Despite seeing little activity from Louisahhh from the past 5 years, the wait is looking to be worth it, with a number of what looks to be promo singles and remixes being released in preparation for something bigger. If that wasn’t enough evidence as it is, there is also talk of a debut album currently in the works, speaking of which we are very much ready for. In the meantime, we’ll just be jamming this one on repeat.
Young Florida producer Marcel Everett, known to us under the just about pronounceable pseudonym XXYYXX is still on our radar, and with good reason. His 2012 self-titled debut album swept both electronic and pop heads off their feet, garnering attention from the likes of Chance The Rapper and SZA, as well as spawning a legendary MTV interview with Antony Fantano‘s long time buddy Cal Chuchester.
Aged just 16 years old at the time of the album’s release, Everett’s effortlessly produced brand of low-slung electronica nabbed influence from all over the world, utilising sounds from R&B, garage, dubstep and choppy MPC-style sampling. The sound of this album, gelling Burial-esque cathedral scale melodies with warm, slightly clipped beat production, was arguably one of the records that influenced the sun-kissed electronica of today.
It’s unclear what Everett has been up to over the past 8 years, other than releasing a series of low-key singles on occasion and playing the odd tour. Some suspect that he’s planning to continue recording under his own name, while others suspect the media hype surrounding his debut album was a tad overwhelming at such a young age.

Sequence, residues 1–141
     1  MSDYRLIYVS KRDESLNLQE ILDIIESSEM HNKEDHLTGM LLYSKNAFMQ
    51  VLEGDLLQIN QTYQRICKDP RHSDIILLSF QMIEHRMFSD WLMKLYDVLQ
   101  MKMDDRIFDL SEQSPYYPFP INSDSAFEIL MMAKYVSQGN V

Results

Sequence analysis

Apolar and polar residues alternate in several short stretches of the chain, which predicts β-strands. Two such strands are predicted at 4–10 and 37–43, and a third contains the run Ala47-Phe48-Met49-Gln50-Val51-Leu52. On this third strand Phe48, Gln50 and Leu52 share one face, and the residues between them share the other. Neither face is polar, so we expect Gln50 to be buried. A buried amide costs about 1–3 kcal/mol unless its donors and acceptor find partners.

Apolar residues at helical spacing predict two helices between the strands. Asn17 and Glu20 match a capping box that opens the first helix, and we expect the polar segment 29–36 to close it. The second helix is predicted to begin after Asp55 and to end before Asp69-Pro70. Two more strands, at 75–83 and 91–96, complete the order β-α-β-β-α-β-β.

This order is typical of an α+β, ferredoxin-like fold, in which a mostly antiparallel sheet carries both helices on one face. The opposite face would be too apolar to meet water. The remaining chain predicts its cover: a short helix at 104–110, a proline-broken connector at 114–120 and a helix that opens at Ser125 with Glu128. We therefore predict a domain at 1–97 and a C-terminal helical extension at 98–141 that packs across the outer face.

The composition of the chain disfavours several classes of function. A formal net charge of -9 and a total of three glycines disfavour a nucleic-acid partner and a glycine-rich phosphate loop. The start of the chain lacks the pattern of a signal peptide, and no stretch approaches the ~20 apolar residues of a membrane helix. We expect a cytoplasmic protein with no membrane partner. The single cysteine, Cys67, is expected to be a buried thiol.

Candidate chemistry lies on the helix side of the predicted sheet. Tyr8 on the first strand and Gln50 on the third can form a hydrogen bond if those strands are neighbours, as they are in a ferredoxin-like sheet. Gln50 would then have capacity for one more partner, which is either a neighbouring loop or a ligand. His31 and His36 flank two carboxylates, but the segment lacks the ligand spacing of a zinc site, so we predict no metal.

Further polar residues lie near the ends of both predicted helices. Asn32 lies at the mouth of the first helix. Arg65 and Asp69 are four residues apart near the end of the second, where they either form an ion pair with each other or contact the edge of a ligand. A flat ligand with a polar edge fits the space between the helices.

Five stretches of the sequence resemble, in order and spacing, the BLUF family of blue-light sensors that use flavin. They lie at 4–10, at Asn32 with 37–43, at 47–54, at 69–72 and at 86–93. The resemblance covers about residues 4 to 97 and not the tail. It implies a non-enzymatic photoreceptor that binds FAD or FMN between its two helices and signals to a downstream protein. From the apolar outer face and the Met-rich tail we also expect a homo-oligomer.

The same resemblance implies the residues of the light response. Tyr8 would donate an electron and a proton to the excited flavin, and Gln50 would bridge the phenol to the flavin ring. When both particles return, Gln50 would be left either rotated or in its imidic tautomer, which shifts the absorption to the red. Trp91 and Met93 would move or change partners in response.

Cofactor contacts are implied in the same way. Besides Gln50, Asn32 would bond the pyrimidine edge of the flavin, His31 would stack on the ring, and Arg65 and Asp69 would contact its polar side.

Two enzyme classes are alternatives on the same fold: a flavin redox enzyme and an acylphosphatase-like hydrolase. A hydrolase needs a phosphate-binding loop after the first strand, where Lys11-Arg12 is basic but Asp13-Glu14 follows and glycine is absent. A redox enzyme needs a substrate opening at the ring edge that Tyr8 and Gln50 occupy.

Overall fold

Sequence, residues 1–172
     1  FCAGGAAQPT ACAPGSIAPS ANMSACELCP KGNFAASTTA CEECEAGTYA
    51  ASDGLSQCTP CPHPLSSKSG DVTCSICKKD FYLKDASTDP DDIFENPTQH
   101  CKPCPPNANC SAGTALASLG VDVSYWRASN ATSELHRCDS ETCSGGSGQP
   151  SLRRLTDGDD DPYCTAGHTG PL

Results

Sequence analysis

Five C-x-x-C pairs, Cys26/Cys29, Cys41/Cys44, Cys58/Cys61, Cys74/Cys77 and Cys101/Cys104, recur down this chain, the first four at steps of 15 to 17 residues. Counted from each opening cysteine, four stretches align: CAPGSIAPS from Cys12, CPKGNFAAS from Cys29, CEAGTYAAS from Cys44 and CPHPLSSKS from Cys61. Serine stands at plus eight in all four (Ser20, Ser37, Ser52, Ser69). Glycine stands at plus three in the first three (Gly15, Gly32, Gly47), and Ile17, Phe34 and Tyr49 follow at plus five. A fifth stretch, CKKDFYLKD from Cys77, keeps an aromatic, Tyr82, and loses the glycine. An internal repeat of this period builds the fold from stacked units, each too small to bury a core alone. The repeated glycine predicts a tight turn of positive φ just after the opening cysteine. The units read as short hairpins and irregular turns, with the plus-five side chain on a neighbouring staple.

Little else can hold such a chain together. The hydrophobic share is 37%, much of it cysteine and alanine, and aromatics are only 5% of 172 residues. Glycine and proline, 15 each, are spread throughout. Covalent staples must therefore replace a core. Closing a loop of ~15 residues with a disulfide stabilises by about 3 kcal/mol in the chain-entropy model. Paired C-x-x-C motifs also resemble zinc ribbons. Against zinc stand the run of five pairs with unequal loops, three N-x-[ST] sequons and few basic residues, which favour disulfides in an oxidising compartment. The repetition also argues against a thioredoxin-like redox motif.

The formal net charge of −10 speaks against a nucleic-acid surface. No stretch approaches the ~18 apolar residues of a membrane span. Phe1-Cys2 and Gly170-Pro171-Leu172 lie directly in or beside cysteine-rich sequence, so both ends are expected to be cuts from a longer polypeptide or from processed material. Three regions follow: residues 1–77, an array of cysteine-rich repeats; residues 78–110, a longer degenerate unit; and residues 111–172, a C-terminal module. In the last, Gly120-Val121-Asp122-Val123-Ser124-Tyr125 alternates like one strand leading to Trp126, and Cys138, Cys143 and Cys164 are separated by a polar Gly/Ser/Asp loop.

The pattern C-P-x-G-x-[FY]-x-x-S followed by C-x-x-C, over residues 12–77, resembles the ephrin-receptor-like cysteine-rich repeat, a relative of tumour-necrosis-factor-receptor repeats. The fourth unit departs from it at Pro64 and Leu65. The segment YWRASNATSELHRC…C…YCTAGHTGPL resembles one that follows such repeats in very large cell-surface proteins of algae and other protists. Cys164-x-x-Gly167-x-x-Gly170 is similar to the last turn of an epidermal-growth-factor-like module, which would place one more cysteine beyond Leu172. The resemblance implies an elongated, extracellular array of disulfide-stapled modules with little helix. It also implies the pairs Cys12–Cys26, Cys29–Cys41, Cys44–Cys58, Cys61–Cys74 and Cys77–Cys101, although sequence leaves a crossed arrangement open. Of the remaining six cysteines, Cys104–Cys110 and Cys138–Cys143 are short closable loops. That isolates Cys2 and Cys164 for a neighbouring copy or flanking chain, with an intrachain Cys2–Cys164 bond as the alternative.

We weren’t exactly left high and dry, with several singles to show for. 2015’s ferocious trap tinged number ‘Red’ seemed like a darker take on some of his previous work, while his most recent offering ‘You Are Why I Am Invisible Pt.2′, showcases a completely different side of the producer’s personality. XXYYXX offers pleasantly optimistic melodies over a bumpy ensemble of dusty low-frequency goodness.
4. Daft Punk
This one should be an exception, agreed, since the majority of french house duos seem to get away with releasing an album every 6 to 10 years and still remain as prolific and influential as they once were with their magnum opus, but as I said, it doesn’t stop us being spoiled and restless to hear more.
Since releasing their groundbreaking 1997 debut album ‘Homework’, the semi-anonymous disco-house stars have cemented their place in history as one of the most prolific and popular music duos on the planet, both within the dance music world and beyond, from producing house hits such as ‘Around the World’ and ‘One More Time’, to scoring the 2010 reboot of Tron and earning production credits for the likes of Kanye West and The Weeknd, in addition to collaborating with more stars on their own material such as Giorgio Moroder, Pharrell Williams and Chic‘s Nile Rodgers.
Daft Punk are notorious for keeping fans on their toes, playing very few shows and leaving generous gaps between releases. Their last greatly anticipated full-length LP ‘Random Access Memories’ saw the duo lean in a more organic, disco and funk inspired approach whilst still clinging to the shiny, platinum-coated production that set them apart back in the day. The Pharrell-featuring ‘Get Lucky’ was a full-blown top 40 hit, amassing rotational radio play globally, whilst other cuts on the album still appealed to the die-hard music connoisseur, such as the arpeggio heavy ‘Contact’ and the 9 minute autobiographical gargantuan ‘Giorgio By Moroder’.